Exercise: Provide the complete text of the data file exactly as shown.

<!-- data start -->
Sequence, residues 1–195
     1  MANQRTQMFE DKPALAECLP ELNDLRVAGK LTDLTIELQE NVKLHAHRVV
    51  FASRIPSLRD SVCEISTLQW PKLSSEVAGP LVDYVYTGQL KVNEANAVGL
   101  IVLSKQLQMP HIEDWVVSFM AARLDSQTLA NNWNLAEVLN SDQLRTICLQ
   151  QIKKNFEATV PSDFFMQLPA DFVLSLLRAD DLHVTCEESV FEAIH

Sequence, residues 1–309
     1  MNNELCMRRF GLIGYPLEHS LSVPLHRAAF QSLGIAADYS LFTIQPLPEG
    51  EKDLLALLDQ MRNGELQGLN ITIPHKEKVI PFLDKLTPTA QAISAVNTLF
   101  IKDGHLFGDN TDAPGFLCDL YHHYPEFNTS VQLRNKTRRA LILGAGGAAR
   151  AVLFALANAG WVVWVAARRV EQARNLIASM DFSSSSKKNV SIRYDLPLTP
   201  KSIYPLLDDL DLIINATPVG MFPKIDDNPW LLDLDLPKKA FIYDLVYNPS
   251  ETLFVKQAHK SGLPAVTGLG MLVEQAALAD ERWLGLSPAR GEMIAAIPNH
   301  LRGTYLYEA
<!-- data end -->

Sequence, residues 1–195
     1  MANQRTQMFE DKPALAECLP ELNDLRVAGK LTDLTIELQE NVKLHAHRVV
    51  FASRIPSLRD SVCEISTLQW PKLSSEVAGP LVDYVYTGQL KVNEANAVGL
   101  IVLSKQLQMP HIEDWVVSFM AARLDSQTLA NNWNLAEVLN SDQLRTICLQ
   151  QIKKNFEATV PSDFFMQLPA DFVLSLLRAD DLHVTCEESV FEAIH

Sequence, residues 1–309
     1  MNNELCMRRF GLIGYPLEHS LSVPLHRAAF QSLGIAADYS LFTIQPLPEG
    51  EKDLLALLDQ MRNGELQGLN ITIPHKEKVI PFLDKLTPTA QAISAVNTLF
   101  IKDGHLFGDN TDAPGFLCDL YHHYPEFNTS VQLRNKTRRA LILGAGGAAR
   151  AVLFALANAG WVVWVAARRV EQARNLIASM DFSSSSKKNV SIRYDLPLTP
   201  KSIYPLLDDL DLIINATPVG MFPKIDDNPW LLDLDLPKKA FIYDLVYNPS
   251  ETLFVKQAHK SGLPAVTGLG MLVEQAALAD ERWLGLSPAR GEMIAAIPNH
   301  LRGTYLYEA